California State University Japanese American Digitization Project: An ExhibitMain MenuIntroductionBefore the WarIssei and Nisei in the WestExecutive Order 9066Mass removalIncarcerationConcentration campsServiceNisei in the warResettlementReconstructing HomeRedressA nation makes amendsReflectionsMaking sense of it allTimelineGraphic from exhibition poster, "Timeline"Educational Guides and ResourcesRelated ResourcesList of external resources relating to the exhibit topicPrint-ready PostersDownload Print-ready posters for your eventsAbout CSUJADDescription of the CSUJAD Project and call for historical resource donations
12017-01-26T15:57:17-08:00Steve Kutay2a3698b64111c4575df6dabf06e183b410497fa3140722Exhibit poster, "Japanese American Soldiers in WWII"plain2017-02-22T01:12:00-08:00Steve Kutay2a3698b64111c4575df6dabf06e183b410497fa3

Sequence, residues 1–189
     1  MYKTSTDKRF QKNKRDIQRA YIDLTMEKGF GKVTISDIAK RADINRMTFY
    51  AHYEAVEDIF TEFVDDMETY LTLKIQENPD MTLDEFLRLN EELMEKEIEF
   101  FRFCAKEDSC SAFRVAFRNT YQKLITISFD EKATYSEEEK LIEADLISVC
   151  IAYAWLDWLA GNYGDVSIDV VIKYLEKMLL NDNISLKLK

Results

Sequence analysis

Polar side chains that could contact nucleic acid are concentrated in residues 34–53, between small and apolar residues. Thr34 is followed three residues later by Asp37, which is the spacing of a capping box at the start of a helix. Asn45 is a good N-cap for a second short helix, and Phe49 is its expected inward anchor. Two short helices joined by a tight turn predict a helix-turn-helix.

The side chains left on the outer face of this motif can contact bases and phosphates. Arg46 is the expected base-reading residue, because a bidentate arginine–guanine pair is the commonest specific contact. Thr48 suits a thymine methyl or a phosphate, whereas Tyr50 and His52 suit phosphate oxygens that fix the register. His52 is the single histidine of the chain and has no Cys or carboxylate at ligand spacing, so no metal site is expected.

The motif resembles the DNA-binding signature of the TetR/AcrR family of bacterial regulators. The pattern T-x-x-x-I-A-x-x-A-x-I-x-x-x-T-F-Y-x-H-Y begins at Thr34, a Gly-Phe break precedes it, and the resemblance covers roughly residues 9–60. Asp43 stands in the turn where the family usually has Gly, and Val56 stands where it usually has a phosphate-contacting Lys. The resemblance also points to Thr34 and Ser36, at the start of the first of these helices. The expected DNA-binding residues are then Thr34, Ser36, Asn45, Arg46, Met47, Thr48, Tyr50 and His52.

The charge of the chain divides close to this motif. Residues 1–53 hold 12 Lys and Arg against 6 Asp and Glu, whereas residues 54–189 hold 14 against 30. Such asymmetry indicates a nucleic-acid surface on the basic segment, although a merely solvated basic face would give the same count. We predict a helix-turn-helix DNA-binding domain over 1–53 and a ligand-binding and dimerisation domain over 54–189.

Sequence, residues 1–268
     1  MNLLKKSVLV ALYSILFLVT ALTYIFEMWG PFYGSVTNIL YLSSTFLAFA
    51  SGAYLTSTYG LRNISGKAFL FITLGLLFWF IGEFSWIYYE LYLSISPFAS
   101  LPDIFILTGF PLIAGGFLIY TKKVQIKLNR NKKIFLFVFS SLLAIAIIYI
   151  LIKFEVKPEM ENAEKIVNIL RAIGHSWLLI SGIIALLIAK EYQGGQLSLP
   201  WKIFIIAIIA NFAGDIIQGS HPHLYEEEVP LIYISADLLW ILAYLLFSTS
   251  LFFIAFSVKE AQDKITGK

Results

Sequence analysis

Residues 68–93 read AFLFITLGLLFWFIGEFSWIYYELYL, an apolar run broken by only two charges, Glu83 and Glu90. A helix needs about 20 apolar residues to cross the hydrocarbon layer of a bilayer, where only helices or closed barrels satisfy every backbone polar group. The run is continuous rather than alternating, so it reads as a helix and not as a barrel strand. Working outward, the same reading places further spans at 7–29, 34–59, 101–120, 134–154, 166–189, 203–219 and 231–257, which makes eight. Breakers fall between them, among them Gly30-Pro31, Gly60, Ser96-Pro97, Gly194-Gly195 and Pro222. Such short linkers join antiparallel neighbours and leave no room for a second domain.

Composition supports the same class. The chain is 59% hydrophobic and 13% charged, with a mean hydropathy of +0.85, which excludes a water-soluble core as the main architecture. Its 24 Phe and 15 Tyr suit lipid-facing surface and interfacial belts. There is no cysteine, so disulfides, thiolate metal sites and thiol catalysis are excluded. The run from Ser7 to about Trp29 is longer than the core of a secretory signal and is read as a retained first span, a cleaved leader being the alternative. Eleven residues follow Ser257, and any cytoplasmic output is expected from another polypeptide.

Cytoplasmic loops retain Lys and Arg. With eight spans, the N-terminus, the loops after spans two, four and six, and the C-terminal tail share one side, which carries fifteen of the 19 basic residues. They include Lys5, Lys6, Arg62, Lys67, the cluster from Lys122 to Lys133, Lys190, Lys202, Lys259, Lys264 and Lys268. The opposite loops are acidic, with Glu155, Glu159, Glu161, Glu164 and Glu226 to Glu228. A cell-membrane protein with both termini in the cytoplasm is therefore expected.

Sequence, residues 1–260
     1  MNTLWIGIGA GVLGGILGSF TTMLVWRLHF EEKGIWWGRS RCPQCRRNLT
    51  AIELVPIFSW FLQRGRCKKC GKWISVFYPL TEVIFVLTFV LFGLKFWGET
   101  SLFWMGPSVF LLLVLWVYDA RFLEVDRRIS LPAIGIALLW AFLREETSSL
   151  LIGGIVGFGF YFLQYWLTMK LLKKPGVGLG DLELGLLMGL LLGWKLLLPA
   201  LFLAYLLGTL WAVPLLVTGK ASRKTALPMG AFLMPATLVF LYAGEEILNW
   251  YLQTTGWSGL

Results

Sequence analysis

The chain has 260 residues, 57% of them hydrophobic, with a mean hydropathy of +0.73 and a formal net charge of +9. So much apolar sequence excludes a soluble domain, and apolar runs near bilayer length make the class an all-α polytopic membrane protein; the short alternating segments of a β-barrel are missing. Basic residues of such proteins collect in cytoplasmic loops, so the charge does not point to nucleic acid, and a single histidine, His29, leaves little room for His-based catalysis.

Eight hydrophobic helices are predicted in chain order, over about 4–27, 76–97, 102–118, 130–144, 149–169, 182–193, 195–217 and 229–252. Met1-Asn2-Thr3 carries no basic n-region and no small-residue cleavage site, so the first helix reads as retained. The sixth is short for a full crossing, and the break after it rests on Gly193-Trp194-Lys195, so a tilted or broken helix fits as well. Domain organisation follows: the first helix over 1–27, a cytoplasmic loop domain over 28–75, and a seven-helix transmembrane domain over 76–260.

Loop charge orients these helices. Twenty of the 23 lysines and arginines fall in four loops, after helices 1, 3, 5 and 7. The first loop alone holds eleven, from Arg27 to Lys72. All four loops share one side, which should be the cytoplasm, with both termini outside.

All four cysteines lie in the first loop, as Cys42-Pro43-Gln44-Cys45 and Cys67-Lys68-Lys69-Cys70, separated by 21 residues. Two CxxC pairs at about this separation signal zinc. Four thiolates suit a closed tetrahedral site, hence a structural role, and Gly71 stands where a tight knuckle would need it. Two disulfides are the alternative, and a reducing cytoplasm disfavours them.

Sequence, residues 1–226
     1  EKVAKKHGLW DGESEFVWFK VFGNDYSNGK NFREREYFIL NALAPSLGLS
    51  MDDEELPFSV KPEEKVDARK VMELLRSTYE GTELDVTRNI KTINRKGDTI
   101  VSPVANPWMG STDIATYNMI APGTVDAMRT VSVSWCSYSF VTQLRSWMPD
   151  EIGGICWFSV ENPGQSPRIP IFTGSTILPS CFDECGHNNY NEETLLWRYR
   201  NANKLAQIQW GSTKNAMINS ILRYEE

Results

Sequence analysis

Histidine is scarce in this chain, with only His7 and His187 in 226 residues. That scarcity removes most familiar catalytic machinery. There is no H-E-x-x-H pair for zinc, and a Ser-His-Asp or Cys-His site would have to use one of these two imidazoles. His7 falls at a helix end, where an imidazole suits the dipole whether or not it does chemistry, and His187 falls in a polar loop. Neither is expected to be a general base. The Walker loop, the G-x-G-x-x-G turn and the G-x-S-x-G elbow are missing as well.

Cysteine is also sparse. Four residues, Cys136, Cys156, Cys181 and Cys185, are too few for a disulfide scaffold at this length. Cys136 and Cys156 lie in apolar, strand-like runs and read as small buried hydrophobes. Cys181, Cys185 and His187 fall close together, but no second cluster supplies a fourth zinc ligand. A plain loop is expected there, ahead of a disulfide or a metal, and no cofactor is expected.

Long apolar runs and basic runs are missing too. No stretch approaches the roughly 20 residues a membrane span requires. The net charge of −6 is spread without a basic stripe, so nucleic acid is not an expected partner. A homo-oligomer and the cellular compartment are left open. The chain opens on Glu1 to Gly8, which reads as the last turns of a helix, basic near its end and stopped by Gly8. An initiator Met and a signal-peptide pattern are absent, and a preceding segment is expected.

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12016-12-21T12:13:42-08:00Steve Kutay2a3698b64111c4575df6dabf06e183b410497fa3Print-ready PostersSteve Kutay26Download Print-ready posters for your eventsstructured_gallery2018-11-13T21:34:04-08:00Steve Kutay2a3698b64111c4575df6dabf06e183b410497fa3
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1media/jia_08_01_011.jpg2016-12-12T10:28:21-08:00Service30Nisei in the warimage_header3773402017-03-14T16:48:18-07:00Japanese American soldiers distinguished themselves in several theaters of war during World War II - especially in Italy, France, and Germany. While Americans of Japanese descent were being declared enemy aliens, the 442nd Regimental Combat Team (RCT) was organized on March 23, 1943. The Military Intelligence Service Language School (MISLS) was first established in San Francisco and later at Camp Savage and Fort Snelling, Minnesota. It was created to supply the military with Japanese American translators. The MISLS was critical in producing skilled linguists who were essential to the World War II effort and later the occupation of Japan.